Friday, June 10, 2011

Friday in Week 7 of Easter, Year 1 - Ephrem of Edessa

Luke 10:38-42

The video here doesn't really have anything specifically to do with today's lectionary, but it's a good example of the stuff I love to listen to.

I've always been very uncomfortable with Luke's story of Jesus' visit to the home of Mary and Martha; as a perfectionist and control freak myself, I relate to Martha. I can only imagine the emotional state I'd be in if freakin' Jesus were coming to my house. I would be frantically trying to make sure that everything was absolutely perfect, and I, too, would be very annoyed if someone I thought should be helping abandoned me altogether and went to the party, as it were.

Maybe it seems a little juvenile of Martha to go to Jesus and say, "Can you tell her to help me, please?" instead of talking to Mary directly and saying, "I really need your help for a little bit."

Perhaps there's a lesson in that, too: how often when difficulties in our various relationships arise, do we turn to God in prayer and ask, "Can you please tell her to help me?" or "Can you please help him understand what I'm going through right now?" If you are conflict-averse, like me, that's probably your preferred strategy, rather than confronting the person.

Now, Martha's request frankly doesn't seem all that extraordinary. Really, why should Martha do all the work by herself while Mary's off having a grand time? So I'm always really bothered by Jesus' response: "Mary has chosen the better part, which will not be taken away from her."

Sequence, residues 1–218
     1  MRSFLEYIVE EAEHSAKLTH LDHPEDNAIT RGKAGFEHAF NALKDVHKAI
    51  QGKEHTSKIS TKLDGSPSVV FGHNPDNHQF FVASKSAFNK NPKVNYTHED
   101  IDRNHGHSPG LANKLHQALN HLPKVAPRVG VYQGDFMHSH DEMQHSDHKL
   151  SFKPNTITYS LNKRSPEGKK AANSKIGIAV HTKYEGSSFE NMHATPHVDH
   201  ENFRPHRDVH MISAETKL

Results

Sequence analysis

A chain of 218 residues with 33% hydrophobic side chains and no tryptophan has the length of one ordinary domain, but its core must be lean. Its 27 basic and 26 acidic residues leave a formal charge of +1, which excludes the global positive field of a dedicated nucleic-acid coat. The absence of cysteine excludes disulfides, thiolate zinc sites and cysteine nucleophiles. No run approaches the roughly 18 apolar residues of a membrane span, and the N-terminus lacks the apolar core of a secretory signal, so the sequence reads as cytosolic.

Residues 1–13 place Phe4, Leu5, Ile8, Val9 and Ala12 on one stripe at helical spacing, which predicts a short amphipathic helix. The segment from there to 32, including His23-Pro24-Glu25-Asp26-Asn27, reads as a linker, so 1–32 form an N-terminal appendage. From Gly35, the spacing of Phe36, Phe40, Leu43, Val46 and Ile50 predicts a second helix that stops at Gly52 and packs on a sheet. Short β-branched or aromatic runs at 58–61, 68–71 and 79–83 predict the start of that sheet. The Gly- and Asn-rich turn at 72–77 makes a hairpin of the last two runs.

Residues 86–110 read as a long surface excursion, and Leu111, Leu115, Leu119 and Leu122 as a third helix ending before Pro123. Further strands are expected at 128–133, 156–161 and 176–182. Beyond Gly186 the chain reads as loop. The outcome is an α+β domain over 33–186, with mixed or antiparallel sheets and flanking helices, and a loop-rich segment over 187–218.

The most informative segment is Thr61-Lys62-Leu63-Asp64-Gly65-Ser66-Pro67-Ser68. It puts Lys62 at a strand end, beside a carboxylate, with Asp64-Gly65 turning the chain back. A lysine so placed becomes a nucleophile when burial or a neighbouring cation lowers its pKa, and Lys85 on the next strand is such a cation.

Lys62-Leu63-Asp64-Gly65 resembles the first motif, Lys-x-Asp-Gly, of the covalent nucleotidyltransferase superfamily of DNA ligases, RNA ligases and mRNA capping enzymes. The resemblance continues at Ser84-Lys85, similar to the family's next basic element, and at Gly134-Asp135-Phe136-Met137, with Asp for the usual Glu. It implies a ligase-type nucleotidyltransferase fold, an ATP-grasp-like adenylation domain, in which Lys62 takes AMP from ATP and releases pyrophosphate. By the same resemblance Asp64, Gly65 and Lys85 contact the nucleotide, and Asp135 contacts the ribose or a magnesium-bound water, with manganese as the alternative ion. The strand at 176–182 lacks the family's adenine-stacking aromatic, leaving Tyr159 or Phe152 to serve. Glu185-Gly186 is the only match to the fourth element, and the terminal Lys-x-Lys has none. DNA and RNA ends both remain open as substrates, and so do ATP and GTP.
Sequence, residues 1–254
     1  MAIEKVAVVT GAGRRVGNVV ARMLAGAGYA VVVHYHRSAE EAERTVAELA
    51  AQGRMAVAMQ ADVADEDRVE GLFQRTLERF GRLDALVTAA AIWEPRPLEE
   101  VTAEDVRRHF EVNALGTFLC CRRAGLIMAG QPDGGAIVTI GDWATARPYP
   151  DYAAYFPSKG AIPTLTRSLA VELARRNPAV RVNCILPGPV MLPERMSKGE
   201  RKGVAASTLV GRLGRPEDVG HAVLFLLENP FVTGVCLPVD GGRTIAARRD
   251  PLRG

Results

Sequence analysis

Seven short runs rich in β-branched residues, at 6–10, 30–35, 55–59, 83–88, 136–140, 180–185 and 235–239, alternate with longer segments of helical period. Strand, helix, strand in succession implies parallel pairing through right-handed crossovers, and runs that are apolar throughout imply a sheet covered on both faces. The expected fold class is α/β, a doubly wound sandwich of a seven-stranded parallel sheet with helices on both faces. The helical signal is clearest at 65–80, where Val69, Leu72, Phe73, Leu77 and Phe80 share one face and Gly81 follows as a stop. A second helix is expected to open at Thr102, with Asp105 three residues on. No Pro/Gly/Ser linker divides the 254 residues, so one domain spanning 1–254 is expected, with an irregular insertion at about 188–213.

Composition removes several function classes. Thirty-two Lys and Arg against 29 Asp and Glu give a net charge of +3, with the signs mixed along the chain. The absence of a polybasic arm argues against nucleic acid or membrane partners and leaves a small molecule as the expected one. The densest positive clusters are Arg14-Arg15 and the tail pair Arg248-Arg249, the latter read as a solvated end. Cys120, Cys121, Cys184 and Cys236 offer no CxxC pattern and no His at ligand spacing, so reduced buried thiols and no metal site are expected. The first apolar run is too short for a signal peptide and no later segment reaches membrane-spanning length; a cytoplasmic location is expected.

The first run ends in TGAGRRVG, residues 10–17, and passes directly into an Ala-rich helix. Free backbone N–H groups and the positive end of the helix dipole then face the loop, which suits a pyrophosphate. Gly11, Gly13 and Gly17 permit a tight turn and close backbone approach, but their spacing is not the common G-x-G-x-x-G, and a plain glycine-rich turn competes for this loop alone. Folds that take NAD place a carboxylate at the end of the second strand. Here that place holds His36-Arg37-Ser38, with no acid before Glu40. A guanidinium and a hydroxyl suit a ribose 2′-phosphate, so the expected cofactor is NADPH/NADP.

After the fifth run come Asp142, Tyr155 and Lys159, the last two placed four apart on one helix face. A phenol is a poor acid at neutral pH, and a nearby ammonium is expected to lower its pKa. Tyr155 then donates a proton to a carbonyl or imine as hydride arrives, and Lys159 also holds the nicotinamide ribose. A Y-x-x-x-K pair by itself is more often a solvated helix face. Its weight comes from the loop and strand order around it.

What's that about? Mary called dibs on hanging out with Jesus so Martha has to suck it up and do all the work by herself?

Well, let's back up, here. So Martha complains, but first Jesus says to her, "Martha, Martha, you are worried and distracted by many things." This is a very comforting statement; there is compassion here. Imagine Jesus saying this to you: "You are worried and distracted by many things." How would you respond? I would probably say, "Totally." And Jesus continues, "There is need of only one thing."

This is one of those "lilies of the field" moments, a speech that Jesus is working toward in chapter 12 of the same Gospel; "Can any of you by worrying add a single hour to your span of life?" Oh...busted.

I think what has troubled me is the language of the NRSV, "Mary has chosen the better part." I'm no Greek scholar (understatement...) so for all I know, Luke's original text is best translated "better." But again, this year I am reading the KJV, which instead renders it, "But one thing is needful: and Mary hath chosen that good part, which shall not be taken away from her."

Maybe what Jesus is really saying here is not so much, "Sorry, Martha" but rather, "Stop putzing around in the kitchen and trying to do too many things and come sit by me and listen for a while." Stop being resentful of Mary and realize that she has chosen well: to not worry so much about this that and the other thing and just go and sit quietly at the foot of the Lord. I like this wording, "that good part," because it implies that Martha (and the rest of us) can choose it, too, that those of us who are busy working hard behind the scenes to make sure everything is right and perfect need to trust more that a) that is not the most important thing and b) that our needs will be met, and scurrying around trying to make perfect what God has already made perfect is wasted energy.

I don't know. Maybe that's not the point of this passage, at all. But it's always been one of my least favorite readings, as I had this notion that Jesus was condescending and dismissive of Martha. Now I have an avenue toward understanding it differently.

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